What are the Omega-sequences?

Elastic rebound theory and the Omega-sequences

Introduction

In the classical seismology, the elastic-rebound theory is an explanation of how energy is accumulated and then released from the rock during an earthquake. The model was formulated by Reid in 1910. Due to the slow and constant movements of the tectonic plates, the rocks on the opposing sides of faults are subjected to the shear stress. They deform slowly until their internal rigidity is exceeded. When the actual earthquake nucleates, the rock is split with a rupture along the fault partially releasing the accumulated energy. The rocks around the fault snap back toward their original shape.

Elastic rebound model by Reid, 2010

 

Problem

The problem with the Reid rebound model is that it is based on a single fault, thus excluding any possible interactions among them. The advantage of the Omega-Theory is that it expands and upgrades the Reid rebound model with the incorporation of a minimum of two and usually multiple faults. This extended model also accounts for potential interactions among faults and block rotations between the fault planes. In structural geology, such rotations are well known to occur within the systems of interacting sub-parallel faults, where they are referred to as the domino-type rotations.

Solution

To obtain a solution, we need to analyze, how the elastic rebound model is applied to a system of two interacting parallel faults. In their initial state, the rocks are un-deformed. Due to the increase of shear stress, the rocks are elastically sheared and rotated. After the internal rigidity of the rock is exceeded, the earthquake occurs, first as the mainshock along one fault, followed by the aftershock along the second fault. During this process, the block of rock between both fault planes rotates back toward the original position.
Careful mathematical examination of this process within the Omega-Theory shows that the parallel-faults interaction can happen between equal and also non-equal sized parallel faults. Let L1 be the length of the first fault, while L2 is the length of the second fault. The Omega-Theory shows that the ratio, B, between L1 and L2 is a parameter of the rock itself and depends on the frictional properties of the rocks and their geological settings. The theory also shows that the reactivation time is linearly proportional to the length of the fault. This means that larger faults will need more time to reactivate and produce an earthquake compared to smaller faults. In nature, there is a considerably larger number of small earthquakes in comparison to larger earthquakes.

Elastic rebound model in the Omega-Theory

In the case of several interacting sub-parallel faults, this leads to the development of either periodic or geometric series of interacting faults.
When the fault series is periodic, all interacting faults have the same lengths and the distance between them is also equal.
When the fault series is geometric, the length of each subsequent fault is B times larger compared to the previous one. Also, the distance to each subsequent fault is B times longer compared to the previous one.
The existence of such periodic and geometric series of faults is most evident at the mid-ocean ridges. These have segmented structure, composed of long sub-parallel transform faults and fracture zones separated by ridge segments, where the Earth’s crust is pulled apart. Careful measurements of these structures clearly show that the series of both, the transform faults as well as ridge segments tend to be geometric.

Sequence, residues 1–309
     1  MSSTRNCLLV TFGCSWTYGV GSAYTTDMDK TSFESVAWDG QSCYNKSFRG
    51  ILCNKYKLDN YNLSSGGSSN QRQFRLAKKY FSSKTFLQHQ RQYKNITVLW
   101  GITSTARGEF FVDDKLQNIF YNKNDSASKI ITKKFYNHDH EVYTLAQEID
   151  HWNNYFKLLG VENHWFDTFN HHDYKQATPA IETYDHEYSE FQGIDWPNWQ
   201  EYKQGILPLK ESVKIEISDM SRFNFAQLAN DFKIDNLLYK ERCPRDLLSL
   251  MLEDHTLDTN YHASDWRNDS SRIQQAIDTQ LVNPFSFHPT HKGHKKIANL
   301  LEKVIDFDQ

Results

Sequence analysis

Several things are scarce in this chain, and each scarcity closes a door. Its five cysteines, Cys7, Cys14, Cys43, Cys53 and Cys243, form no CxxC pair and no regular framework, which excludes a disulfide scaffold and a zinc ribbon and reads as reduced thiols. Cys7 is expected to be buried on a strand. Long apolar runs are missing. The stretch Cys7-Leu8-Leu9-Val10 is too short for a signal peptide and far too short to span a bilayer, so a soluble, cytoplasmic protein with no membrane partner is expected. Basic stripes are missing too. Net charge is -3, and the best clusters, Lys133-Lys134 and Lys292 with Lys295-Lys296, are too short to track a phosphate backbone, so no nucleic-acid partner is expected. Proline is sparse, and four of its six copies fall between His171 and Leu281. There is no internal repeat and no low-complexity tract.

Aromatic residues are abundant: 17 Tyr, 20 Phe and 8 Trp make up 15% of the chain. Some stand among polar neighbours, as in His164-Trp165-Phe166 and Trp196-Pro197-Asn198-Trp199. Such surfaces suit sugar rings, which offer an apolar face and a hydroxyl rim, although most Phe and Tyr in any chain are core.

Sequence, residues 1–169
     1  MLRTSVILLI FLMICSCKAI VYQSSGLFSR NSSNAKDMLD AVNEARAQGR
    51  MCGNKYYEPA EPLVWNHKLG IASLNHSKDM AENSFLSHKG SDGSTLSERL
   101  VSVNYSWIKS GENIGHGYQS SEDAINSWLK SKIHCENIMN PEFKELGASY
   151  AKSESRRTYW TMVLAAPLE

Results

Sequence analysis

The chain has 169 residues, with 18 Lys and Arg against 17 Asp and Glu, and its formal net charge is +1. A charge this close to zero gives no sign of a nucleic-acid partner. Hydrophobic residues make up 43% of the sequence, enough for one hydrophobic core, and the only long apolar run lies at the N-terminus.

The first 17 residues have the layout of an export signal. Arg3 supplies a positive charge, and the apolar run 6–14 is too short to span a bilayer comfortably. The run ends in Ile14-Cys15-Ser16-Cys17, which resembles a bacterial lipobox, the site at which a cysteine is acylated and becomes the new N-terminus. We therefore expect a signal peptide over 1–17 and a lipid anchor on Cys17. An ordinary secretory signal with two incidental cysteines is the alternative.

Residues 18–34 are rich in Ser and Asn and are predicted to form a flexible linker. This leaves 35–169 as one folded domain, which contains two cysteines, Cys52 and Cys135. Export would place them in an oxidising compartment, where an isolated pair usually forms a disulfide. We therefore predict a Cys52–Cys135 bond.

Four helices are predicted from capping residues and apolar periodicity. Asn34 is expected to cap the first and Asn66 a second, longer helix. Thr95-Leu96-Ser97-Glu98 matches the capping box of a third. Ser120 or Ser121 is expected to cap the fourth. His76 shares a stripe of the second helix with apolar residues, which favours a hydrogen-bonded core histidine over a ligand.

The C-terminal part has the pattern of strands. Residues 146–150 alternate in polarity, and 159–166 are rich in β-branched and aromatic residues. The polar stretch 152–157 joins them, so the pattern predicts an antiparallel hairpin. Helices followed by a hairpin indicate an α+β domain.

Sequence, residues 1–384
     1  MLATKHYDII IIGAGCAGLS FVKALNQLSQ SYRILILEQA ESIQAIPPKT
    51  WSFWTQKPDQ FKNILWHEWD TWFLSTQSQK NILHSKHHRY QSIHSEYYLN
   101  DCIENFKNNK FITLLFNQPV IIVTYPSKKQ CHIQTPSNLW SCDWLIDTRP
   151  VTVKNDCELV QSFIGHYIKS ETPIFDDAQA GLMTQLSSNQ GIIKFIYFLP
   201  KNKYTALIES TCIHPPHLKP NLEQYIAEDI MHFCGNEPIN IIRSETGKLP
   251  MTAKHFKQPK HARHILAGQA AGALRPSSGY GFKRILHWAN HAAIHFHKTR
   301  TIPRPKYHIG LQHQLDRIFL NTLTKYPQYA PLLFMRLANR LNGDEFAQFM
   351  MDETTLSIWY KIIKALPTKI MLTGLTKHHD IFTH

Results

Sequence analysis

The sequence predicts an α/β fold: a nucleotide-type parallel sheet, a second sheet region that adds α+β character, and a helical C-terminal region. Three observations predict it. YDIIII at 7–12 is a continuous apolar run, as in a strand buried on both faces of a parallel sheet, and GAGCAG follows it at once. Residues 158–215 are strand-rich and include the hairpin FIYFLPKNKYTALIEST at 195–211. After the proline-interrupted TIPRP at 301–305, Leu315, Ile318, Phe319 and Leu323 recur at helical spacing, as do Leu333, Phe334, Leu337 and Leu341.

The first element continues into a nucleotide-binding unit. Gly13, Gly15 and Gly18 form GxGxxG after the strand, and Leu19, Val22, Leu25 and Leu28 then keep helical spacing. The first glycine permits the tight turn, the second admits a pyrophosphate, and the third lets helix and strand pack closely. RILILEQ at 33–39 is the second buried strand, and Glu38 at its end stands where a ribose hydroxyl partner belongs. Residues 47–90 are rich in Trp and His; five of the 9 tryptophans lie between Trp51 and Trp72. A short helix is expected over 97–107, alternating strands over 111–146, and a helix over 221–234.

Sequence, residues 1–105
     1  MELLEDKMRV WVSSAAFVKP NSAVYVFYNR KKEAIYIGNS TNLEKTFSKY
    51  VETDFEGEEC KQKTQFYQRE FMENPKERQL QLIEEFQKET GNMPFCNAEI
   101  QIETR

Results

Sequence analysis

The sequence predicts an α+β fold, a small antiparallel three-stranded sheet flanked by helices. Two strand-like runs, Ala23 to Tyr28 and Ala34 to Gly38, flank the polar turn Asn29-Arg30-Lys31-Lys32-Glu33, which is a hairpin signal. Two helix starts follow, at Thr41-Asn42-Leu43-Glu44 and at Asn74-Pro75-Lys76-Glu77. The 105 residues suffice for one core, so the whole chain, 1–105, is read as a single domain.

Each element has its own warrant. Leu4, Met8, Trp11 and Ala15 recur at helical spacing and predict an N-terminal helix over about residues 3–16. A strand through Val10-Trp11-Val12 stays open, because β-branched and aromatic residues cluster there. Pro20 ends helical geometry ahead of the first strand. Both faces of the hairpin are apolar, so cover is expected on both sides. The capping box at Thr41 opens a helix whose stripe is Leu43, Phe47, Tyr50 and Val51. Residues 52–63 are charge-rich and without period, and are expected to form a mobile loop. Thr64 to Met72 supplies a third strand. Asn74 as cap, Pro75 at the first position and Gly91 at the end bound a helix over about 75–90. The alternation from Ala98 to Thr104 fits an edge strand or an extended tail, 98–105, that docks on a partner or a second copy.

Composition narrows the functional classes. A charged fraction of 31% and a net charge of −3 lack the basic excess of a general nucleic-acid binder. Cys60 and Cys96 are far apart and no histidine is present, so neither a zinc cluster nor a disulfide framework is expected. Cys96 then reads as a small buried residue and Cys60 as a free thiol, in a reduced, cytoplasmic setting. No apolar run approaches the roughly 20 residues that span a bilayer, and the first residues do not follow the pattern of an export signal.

Periodic series of faults

Geometric series of faults

Analysis of the seismic activity of such series of faults shows that they produce cascades of earthquakes, which are also periodic or geometric. This is well in accordance with the Omega-Theory. Such cascades of earthquakes are generally referred to as the Repeating Earthquake Series, and in the Omega-Theory they are called the Omega-sequences. Within the Omega-sequences, the seismic activity is systematically transferred from one fault to all subsequent parallel faults.
The easiest and the most effective way of illustrating how the Omega-sequences work is an example of the falling dominoes. If all dominoes are of equal size the sequence of events is periodic. But if the dominoes form a geometric series, the sequence of events is also geometric. Thousands of such periodic and geometric Omega-sequences are constantly occurring in the Earth’s crust in all seismic zones along tectonic plate boundaries.

Geometric and periodic series of transform faults and ridge segments in the Atlantic

Types of the Omega-sequences

There are four basic types of the Omega-sequences.
Decreasing Seismicity Rate sequences or DSR sequences are characterized by the systematic transfer of the seismic activity from smaller to larger faults. The average rate of earthquakes decreases according to Omori’s law.
Increasing Seismicity Rate sequences or ISR sequences are just the opposite. Here, the seismic activity is systematically transferred from larger to smaller faults. The average rate of earthquakes increases according to inverse Omori’s law.
DSR-I sequences are those DSR sequences that transform into the ISR sequences.
ISR-D sequences are those ISR sequences that transform into the DSR sequences.

DSR Omega-sequence

ISR Omega-sequence

DSR-I Omega-sequence

ISR-D Omega-sequence

Can Omega-sequences be found in nature?

Careful mathematical analysis of the seismic activity of the Earth, as well as earthquake series worldwide, shows that the Omega-sequences can occur everywhere, not just at the mid-ocean ridges. Seismic catalogs were long thought to be composed of random events. Yet, the Omega-Theory showed that these supposedly random catalogs are actually composed of a multiplicity of the Omega-sequences, which represent a concealed order within the seismic activity of the Earth and as such, being far from random processes.